What does otam mean here?
vay'daber moshe ve'elazar hakohen otam (Num. 26:3) ('and Moshe and Elazar the priest spoke otam'): Onkelos translates otam as 'them' and in order to make the language flow, adds 'they said to count.' According to Onkelos the phrase means, 'and Moshe and Elazar the priest spoke, they said to count them.' In the Arabic translation of R' Sa'adya Gaon (according to Neveh Shalom) it says 'he commanded them, to count them' which is close to Onkelos. Onkelos and R' Sa'adya Gaon understand that the word 'to count' is implied by the previous verses. Rashi comments 'they spoke with them that they should count them.' Rashi takes otam to mean itam 'with them' and adds the implication about counting at the end of the phrase.
One root - What is the basic meaning?
veha'avarta (Num. 27:7) ('and you shall pass over'): The root is Ayin, Bet, Resh. Rashi gives two explanations. Both conform to the root and both have a source in the Gemara. 1) An expression of wrath against anyone who does not leave a son to inherit him. This is based on "the Holy One Blessed Be He is full of wrath against him" (Bava Batra 116a). 2) Because the daughter makes the heritage pass from tribe to tribe. The source for this is "only the daughter makes the heritage pass from tribe to tribe as her son and her husband inherit her" (Bava Batra, 147a). In connection with the many meanings carried by words derived from the root Ayin, Bet, Resh ibn Barun writes: avarti (Gen. 32:11) 'I crossed the river … All derivatives of this root do not deviate from this meaning' and produces similarities in Arabic. (Wechter, Pinchas trans. and ed. Ibn Barun's Arabic works on Hebrew grammar and lexicography Dropsie College, Philadelphia, 1964, p. 108. Ibn Barun was highly respected by his contemporaries R' Moshe ibn Ezra and R' Yehudah HaLevy.) Perhaps Rashi's first explanation can be made to fit ibn Barun's view by saying that someone who is angry with another has 'crossed over' from the normal position which is being with the other. Rashi's second explanation fits well.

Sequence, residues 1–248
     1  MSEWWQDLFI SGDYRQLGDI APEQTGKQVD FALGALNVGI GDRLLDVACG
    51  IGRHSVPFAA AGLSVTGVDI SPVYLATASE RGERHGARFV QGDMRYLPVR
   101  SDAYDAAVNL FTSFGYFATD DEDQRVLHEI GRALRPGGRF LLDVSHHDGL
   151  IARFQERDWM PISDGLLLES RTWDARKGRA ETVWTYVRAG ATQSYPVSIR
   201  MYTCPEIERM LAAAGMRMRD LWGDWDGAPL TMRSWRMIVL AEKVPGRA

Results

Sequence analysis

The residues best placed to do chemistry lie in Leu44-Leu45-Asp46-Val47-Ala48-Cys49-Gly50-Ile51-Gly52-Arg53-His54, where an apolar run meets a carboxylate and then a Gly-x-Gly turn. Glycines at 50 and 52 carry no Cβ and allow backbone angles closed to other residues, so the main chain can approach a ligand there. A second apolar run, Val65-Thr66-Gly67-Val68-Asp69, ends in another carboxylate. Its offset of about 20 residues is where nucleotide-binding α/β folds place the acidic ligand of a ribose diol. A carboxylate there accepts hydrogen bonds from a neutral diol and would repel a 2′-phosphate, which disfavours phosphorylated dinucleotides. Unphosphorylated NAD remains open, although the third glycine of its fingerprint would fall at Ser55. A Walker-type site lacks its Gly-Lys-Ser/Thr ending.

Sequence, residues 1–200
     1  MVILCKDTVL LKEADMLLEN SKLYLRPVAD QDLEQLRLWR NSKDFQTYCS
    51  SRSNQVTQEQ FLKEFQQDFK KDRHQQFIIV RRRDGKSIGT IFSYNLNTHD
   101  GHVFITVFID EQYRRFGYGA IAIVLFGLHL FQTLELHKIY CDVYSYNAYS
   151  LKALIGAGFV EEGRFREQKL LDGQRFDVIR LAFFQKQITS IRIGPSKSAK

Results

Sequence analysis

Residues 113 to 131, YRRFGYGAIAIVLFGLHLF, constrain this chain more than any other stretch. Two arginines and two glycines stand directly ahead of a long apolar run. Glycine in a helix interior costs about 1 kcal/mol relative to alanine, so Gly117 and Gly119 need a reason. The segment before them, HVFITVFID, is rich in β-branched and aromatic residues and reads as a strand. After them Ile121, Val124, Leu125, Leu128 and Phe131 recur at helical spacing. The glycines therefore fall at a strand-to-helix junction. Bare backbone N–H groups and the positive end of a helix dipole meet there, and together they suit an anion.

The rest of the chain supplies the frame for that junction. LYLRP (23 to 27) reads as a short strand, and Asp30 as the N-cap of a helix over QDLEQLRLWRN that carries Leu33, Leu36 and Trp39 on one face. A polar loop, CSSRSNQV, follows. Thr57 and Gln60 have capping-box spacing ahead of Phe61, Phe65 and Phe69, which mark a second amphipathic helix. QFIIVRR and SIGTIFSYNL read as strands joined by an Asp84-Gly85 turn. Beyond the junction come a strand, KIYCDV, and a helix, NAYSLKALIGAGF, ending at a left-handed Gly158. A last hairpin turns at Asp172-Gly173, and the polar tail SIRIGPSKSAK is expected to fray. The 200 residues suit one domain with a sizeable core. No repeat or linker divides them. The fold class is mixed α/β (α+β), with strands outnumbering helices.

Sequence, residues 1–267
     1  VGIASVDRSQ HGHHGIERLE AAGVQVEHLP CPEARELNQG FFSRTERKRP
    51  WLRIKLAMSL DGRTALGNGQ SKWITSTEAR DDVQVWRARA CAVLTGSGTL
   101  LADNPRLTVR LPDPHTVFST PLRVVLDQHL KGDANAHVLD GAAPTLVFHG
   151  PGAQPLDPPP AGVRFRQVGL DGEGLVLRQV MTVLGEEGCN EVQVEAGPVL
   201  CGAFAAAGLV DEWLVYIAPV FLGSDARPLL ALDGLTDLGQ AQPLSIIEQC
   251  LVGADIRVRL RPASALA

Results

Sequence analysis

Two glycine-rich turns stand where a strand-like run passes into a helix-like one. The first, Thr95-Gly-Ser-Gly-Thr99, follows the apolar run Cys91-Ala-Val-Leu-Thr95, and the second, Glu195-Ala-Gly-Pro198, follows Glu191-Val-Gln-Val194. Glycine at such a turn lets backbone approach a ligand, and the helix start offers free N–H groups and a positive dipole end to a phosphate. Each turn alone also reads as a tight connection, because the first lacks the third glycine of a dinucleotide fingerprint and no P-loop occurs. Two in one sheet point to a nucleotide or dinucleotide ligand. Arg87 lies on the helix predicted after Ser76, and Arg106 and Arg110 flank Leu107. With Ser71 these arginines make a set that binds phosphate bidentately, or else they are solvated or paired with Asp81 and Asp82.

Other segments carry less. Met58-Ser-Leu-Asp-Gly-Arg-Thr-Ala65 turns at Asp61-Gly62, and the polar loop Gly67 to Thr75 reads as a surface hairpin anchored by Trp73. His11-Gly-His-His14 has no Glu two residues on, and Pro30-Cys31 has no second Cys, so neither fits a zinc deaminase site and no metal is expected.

A dispute between Hillel and the Targum
lachmi … bemo'ado (Num. 28:2) ('my lechem … in its time'): Rashi explains lachmi as emurin ('the parts of the sacrificial animal which were placed on the altar'). Rashi goes on to provide us with proof that this explanation is correct by quoting Leviticus (3:16) where lechem indubitably means emurin. When Rashi provides proof for an explanation it usually means that he is disagreeing with the view of someone else.
On the last word in the verse bemo'ado Rashi comments 'every day is the appropriate "time" of the regular sacrifice.' Here he offers no proof and is in fact following a d'rasha of Hillel 'it says bemo'ado with reference to the Pesach sacrifice, and it says bemo'ado with reference to the regular sacrifice' (Pesachim 66a), indicating that Hillel understands this verse, like the rest of the passage, to be concerned with the daily sacrifice.
However R' N. Adler (1802-1890, Chief Rabbi of the British Empire, born shortly after the death of his namesake, his grandfather's cousin) in Netina la-Ger, his commentary on Onkelos, points out
… the translation of Onkelos, lechem sidur, means 'ready for sacrifice,' and in Targum Yonatan ben Uzi'el it says lechem sidur petore ('lechem sidur of the table'). Thus it seems that both [Onkelos and Yonatan] understand it as the shew-bread. Even though in Hebrew the word lechem can apply to any sacrifice, as in lechem elokehem, lechem elokecha, and they translate it in these places as 'sacrifice' nevertheless lechem sidur is not found other than with regard to shew-bread. erech lechem (Exod. 40:23) is translated by Onkelos sidur delachma (Netina la-Ger).
According to Hillel's d'rasha lachmi here means emurin. According to Onkelos and Yonatan lachmi means shew-bread. Rashi follows Hillel but because of his high respect for Onkelos feels obliged to render proof for his interpretation.
I will be
pleased to have comments on these notes on the Parasha.
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